Dr Juan Vorster

Dr Juan Vorster

South Africa

University of Pretoria

Plant and Soil Sciences

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Work and Research

My research focus is on Plant Stress Physiology, particularly focusing on the role that a group of proteins (cysteine proteases) and their inhibitors (cystatins) play during stresses such as drought. My research group works mainly on Soybean, an important oil and protein crop, the production of which is threatened by climate change. While focusing on a particular group of proteins I believe in a holistic approach to research focusing on multiple levels of plant biology. As such I have started my research career as a Masters student focusing on plant genetics and molecular biology, during my PhD I studied the dynamics of plant genomes and evolution using a bioinformatical approach.

Fields Of Expertise

Plant Stress Physiology

Research Profiles

My vision for the future of research at UP and how I will contribute to this development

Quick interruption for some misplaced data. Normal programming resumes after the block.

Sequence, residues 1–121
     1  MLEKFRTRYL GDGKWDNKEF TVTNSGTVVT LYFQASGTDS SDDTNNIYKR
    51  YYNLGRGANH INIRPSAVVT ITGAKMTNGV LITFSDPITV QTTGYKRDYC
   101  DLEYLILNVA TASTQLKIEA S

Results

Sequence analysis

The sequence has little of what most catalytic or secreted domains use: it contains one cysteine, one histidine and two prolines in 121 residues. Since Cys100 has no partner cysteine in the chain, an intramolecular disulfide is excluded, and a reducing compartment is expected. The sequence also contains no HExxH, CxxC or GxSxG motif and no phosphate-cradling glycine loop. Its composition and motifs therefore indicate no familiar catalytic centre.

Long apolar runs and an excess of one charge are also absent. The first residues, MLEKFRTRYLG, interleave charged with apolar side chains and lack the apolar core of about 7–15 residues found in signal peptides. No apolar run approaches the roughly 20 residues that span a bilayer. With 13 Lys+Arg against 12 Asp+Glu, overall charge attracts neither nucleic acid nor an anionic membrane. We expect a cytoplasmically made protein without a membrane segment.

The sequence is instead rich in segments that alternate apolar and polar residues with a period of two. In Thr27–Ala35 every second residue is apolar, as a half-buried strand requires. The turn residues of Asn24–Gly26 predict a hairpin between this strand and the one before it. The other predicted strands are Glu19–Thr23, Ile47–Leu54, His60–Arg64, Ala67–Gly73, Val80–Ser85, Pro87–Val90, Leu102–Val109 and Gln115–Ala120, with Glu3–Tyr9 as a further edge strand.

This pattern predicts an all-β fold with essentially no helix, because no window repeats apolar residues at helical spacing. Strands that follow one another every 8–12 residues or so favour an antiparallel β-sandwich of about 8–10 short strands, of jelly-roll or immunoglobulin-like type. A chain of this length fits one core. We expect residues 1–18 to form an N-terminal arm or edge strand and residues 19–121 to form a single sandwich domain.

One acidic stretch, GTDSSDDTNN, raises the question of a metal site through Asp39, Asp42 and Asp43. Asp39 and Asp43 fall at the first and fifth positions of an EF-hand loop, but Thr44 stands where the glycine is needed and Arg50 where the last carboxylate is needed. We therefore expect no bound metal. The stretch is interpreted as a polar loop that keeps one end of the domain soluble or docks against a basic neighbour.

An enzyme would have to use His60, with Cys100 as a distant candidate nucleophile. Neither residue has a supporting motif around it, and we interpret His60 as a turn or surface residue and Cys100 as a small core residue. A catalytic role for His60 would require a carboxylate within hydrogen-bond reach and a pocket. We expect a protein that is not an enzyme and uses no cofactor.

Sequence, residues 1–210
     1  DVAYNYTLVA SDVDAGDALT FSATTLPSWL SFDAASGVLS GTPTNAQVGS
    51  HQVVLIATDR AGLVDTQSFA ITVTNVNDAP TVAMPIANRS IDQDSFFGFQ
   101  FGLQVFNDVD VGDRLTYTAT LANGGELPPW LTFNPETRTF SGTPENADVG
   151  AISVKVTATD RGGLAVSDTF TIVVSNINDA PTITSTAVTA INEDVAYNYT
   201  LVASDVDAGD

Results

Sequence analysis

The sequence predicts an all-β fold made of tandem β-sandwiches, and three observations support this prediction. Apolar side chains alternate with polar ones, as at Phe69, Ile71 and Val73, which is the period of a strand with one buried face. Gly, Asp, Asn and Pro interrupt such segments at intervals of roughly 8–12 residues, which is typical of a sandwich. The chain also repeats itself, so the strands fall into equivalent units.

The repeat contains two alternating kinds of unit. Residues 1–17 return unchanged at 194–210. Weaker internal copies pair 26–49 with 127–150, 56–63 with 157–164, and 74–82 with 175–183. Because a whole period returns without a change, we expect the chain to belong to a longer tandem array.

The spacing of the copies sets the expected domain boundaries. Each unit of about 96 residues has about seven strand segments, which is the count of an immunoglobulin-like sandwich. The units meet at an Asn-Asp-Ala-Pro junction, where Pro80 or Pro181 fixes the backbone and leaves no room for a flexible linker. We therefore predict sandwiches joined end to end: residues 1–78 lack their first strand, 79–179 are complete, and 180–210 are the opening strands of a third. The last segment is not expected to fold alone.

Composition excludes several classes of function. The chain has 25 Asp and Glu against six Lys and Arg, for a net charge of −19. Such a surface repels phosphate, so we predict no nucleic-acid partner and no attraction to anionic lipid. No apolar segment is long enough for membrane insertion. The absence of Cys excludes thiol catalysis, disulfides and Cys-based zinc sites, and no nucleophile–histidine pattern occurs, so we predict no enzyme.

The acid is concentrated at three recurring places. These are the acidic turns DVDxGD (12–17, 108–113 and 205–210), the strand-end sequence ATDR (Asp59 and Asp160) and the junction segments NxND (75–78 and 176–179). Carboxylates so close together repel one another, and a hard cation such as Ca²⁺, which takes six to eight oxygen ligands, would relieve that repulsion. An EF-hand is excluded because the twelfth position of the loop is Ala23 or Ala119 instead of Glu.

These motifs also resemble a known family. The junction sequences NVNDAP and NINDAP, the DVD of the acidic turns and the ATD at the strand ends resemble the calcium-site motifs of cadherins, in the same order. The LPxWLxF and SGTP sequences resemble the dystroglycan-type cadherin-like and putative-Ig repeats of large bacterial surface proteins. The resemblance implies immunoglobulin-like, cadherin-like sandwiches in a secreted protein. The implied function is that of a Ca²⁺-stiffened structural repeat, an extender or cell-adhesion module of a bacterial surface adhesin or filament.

I would like to see more interdisciplinary research projects at UP. Most South African universities have a history of a very individualized research approach with a multitude of small research projects and very little contact between research groups. While a variety of skills and expertise is important I would like to see those skills and experience focus on fewer essential problems but addressing a specific problem from multiple angles. An example from my own field would be a problem on plant stress adaptation being address from a physiological, genetic, biochemical and bioinformatical approach but also to look at issues related to that from a nutritional, sociological and economical point of view. I have seen similar approaches used with high levels of success at other institutions. Furthermore I would like to see more international collaboration but also a higher amount of international student exchanges and international researcher being stationed at UP. I also believe that our postgraduate students should be given more opportunity to spend at least a month or more stationed with international research groups. While technology have the ability to connect us with any lab across the globe the experience of spending time working at a different laboratory results in students (and staff) with a much more rounded and mature world view both scientifically but also personally.